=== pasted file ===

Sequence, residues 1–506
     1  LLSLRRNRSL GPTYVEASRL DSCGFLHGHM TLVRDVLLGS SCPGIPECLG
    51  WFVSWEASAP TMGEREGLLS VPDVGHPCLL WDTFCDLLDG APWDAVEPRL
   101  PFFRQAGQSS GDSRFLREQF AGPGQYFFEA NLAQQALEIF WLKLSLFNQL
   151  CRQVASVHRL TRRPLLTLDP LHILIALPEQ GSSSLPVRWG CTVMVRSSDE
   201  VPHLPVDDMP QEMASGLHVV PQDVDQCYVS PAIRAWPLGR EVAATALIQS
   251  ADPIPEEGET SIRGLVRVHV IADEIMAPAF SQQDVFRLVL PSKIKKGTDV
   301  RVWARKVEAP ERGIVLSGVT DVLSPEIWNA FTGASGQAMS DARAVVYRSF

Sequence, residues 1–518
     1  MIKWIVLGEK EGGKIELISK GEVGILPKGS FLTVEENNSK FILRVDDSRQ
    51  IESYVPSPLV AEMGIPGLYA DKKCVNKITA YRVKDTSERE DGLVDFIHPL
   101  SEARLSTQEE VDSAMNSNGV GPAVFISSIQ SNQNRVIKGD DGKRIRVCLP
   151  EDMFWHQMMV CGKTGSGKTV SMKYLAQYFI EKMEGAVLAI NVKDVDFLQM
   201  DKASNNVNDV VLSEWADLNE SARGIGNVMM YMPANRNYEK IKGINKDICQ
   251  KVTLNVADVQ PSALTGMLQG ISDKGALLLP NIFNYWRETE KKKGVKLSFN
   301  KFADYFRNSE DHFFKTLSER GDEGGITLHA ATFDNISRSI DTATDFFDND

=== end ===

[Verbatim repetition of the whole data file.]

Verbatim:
Sequence, residues 1–506
     1  LLSLRRNRSL GPTYVEASRL DSCGFLHGHM TLVRDVLLGS SCPGIPECLG
    51  WFVSWEASAP TMGEREGLLS VPDVGHPCLL WDTFCDLLDG APWDAVEPRL
   101  PFFRQAGQSS GDSRFLREQF AGPGQYFFEA NLAQQALEIF WLKLSLFNQL
   151  CRQVASVHRL TRRPLLTLDP LHILIALPEQ GSSSLPVRWG CTVMVRSSDE
   201  VPHLPVDDMP QEMASGLHVV PQDVDQCYVS PAIRAWPLGR EVAATALIQS
   251  ADPIPEEGET SIRGLVRVHV IADEIMAPAF SQQDVFRLVL PSKIKKGTDV
   301  RVWARKVEAP ERGIVLSGVT DVLSPEIWNA FTGASGQAMS DARAVVYRSF

Sequence, residues 1–518
     1  MIKWIVLGEK EGGKIELISK GEVGILPKGS FLTVEENNSK FILRVDDSRQ
    51  IESYVPSPLV AEMGIPGLYA DKKCVNKITA YRVKDTSERE DGLVDFIHPL
   101  SEARLSTQEE VDSAMNSNGV GPAVFISSIQ SNQNRVIKGD DGKRIRVCLP
   151  EDMFWHQMMV CGKTGSGKTV SMKYLAQYFI EKMEGAVLAI NVKDVDFLQM
   201  DKASNNVNDV VLSEWADLNE SARGIGNVMM YMPANRNYEK IKGINKDICQ
   251  KVTLNVADVQ PSALTGMLQG ISDKGALLLP NIFNYWRETE KKKGVKLSFN
   301  KFADYFRNSE DHFFKTLSER GDEGGITLHA ATFDNISRSI DTATDFFDND